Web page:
This year we’ve met more young people keen to do stuff that matters. And at our Intrepid Landcare Leadership Retreat (North Sydney) held at Lane Cove National Park, amongst a super inspiring tribe, we met Elliot Connor. A 15 year old legend from Mosman who attends school in Manly, is incredibly passionate about nature, but has a particular interest in wildlife and insect photography. We only heard about Elliot and his idea of running bioblitz events days before the retreat, but at short notice he was able to apply to attend, and we’re stoked to have had him along.
The reason we were so keen for Elliot to be involved, is because during our retreats young people get to discover what leadership is for them, and how they CAN do stuff that matters. And during our retreats young people get a sense of what is possible, who is in the landscape doing epic stuff and the support networks they can tap into. They can also see that Landcare is seriously underrated and that there are endless opportunities. Elliot was already working on an idea of holding a bioblitz event at Ku-ring-gai Chase National Park in April, so he was able work on that idea during the retreat to make it happen… and it did happen, over the weekend of 14th – 15th April.
We caught up with Elliot post-bioblitz, and here’s what he got out of the experience…
Why are you passionate about native plants and animals?
I’ve always been interested in nature. My family took me on birdwatching expeditions from a young age, and our favourite holiday destination is the Kruger National Park in South Africa. More recently, I have developed a passion for insect photography – I like how it allows you to see so much more detail than it is possible just with the naked eye.
What was the purpose of the bioblitz, and where did the idea come from?
A bioblitz is an event in which a group of people meet for a few hours or a weekend and try to record as much flora and fauna as possible within an area. The data gathered from events like this all goes towards building up a better understanding and knowledge of species’ habits and distributions through its inclusion in large-scale platforms such as the Atlas of Living Australia. I first read about the concept of a ‘bioblitz’ about a year ago in a BBC Wildlife magazine, and was quite taken by the idea and the potential it had for connecting people with nature in a fun, collaborative atmosphere.
How did you approach organising the bioblitz?
My strategy for organising the bioblitz was probably something I could improve on going forward, as it involved mostly sending out lots and lots of emails. I contacted all the nature organisations I could think of and asked them to help publicise the event, as well as my own school and a few other existing contacts I had. On the day, I had my family help me to set up a few tables outside of the Kalkari Discovery Centre, where we met people coming for the bioblitz, and also spoke to the regular national park visitors.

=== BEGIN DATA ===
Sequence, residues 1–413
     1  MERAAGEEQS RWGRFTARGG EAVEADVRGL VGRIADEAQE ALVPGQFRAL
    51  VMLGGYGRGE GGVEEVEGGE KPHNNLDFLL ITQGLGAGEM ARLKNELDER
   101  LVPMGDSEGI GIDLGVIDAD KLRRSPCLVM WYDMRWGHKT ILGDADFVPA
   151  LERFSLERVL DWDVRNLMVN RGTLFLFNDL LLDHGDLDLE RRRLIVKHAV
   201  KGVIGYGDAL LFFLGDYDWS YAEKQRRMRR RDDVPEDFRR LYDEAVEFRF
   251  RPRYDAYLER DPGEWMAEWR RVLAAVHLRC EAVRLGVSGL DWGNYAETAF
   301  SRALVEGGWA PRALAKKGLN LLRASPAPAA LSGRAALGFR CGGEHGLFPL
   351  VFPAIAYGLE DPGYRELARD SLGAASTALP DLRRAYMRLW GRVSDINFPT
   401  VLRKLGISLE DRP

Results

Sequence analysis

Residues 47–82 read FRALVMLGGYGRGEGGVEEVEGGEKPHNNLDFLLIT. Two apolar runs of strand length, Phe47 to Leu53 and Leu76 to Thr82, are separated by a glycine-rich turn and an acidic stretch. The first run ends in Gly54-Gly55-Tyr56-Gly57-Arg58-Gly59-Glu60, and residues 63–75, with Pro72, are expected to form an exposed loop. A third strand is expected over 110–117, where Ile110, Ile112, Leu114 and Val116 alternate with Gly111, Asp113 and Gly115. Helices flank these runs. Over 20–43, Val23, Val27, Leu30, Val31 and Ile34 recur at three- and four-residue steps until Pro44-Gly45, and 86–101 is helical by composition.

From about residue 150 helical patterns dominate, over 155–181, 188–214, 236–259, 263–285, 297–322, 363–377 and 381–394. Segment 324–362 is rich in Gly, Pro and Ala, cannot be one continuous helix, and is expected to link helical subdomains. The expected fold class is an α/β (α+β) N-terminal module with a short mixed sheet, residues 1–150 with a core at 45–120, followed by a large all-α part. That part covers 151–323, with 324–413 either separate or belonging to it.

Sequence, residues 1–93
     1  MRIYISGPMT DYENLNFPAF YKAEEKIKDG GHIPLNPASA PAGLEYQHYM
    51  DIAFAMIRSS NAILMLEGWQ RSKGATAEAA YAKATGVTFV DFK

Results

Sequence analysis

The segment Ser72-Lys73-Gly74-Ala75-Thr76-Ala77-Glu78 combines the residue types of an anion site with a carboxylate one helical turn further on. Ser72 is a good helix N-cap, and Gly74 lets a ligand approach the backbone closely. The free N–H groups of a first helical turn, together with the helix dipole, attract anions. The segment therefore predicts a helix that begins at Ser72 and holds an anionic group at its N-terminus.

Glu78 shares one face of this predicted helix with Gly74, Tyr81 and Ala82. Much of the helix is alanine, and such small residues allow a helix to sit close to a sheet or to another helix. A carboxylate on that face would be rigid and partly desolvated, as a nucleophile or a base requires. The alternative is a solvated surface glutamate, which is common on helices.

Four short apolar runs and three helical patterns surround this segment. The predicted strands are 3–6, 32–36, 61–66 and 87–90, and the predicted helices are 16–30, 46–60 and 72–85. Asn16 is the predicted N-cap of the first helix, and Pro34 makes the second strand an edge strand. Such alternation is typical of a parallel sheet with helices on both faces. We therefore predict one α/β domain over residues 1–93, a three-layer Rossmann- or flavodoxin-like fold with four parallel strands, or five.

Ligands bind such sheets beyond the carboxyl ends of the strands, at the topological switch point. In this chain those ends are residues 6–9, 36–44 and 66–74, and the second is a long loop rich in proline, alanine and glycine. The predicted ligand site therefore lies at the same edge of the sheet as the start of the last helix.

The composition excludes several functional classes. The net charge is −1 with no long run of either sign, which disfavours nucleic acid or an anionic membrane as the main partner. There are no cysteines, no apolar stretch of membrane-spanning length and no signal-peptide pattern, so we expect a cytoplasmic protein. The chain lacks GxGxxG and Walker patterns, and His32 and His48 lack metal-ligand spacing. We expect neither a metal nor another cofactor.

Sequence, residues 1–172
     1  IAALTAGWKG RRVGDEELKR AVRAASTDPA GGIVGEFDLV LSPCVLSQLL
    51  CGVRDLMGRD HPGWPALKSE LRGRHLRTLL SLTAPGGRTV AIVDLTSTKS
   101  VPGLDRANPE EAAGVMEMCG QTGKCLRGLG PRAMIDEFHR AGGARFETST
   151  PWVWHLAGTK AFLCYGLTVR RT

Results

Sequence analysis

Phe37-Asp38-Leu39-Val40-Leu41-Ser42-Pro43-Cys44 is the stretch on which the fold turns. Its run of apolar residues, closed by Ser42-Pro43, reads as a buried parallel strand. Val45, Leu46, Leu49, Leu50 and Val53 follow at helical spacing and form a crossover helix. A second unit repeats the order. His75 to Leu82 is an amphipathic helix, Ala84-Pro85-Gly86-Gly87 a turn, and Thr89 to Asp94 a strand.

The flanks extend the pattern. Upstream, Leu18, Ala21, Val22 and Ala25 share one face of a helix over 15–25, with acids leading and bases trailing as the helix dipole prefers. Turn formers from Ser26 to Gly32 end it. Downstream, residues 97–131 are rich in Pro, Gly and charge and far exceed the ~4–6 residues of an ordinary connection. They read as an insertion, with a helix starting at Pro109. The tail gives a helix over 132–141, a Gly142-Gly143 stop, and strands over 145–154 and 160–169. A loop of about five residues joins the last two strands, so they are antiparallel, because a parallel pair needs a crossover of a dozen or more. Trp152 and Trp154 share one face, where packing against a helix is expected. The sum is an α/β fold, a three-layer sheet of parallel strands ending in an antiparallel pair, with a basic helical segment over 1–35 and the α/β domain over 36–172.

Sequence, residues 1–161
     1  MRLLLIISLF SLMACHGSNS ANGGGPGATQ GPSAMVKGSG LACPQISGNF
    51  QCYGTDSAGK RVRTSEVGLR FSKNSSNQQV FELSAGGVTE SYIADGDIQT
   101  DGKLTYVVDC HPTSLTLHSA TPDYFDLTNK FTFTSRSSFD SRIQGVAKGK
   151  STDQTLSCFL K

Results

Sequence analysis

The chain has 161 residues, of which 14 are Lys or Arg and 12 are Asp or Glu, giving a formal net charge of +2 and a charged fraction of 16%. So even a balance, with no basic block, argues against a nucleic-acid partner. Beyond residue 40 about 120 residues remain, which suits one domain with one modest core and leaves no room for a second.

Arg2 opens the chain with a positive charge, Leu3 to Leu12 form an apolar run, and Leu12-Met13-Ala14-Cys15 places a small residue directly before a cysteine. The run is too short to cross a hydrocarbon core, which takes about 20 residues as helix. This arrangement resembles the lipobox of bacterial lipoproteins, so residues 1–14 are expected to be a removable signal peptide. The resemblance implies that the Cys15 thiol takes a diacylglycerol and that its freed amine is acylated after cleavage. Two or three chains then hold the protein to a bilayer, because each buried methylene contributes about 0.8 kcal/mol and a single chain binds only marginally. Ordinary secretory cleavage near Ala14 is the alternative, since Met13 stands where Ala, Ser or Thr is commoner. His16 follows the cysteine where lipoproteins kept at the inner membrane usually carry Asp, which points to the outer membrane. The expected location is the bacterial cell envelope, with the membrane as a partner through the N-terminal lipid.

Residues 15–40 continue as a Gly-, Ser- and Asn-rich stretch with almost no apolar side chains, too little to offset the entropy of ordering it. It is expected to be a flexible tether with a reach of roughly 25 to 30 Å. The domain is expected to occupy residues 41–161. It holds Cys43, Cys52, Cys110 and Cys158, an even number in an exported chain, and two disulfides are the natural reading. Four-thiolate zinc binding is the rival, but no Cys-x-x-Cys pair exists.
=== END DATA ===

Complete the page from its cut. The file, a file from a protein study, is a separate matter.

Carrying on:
Who attended, who did you meet, who helped you?
We got 16 people who came specifically for the bioblitz, which was good. The sign-in sheet I used has allowed me to keep them as contacts for the future, which will help to expand my network. Another keen naturalist from the area by the name of Jayden Walsh, as well as the Australian Museum and the NSW Bushwalking Association all helped with publicising the event.
What species did you find, any cool ones?
In total we made about 160 observations and 99 species were recorded. A few highlights of the weekend were a Red-Bellied Black Snake sighting on both days, and a White-Bellied Sea Eagle flying overhead on the Sunday.
Where to from here? what support are you looking for? where could people find out more information?
My aim for building from the first bioblitz is to set up a group of fellow nature-enthusiasts from the Sydney area who would meet once a month (on the last Sunday) to do more bioblitz-style and other nature-themed activities. This would provide a core group of people who could then bring along friends and others to take part, and that way better connect others to the natural world. I plan to have regular meetings with anyone willing to help organise such a group. If anyone is interested, they can send me an email at email@example.com.
One of Elliot’s impressive photos, (pc: Elliot Connor)
The Intrepid Landcare Leadership Retreat (North Sydney) was supported by Greater Sydney Landcare Network and Greater Sydney Local Land Services using funds from the Australian Government’s National Landcare Program.
If are you keen to do stuff that matters, connect with other like-minded people, or inspire young people in your community, please do not hesitate in contacting us to find out how we could support you, firstname.lastname@example.org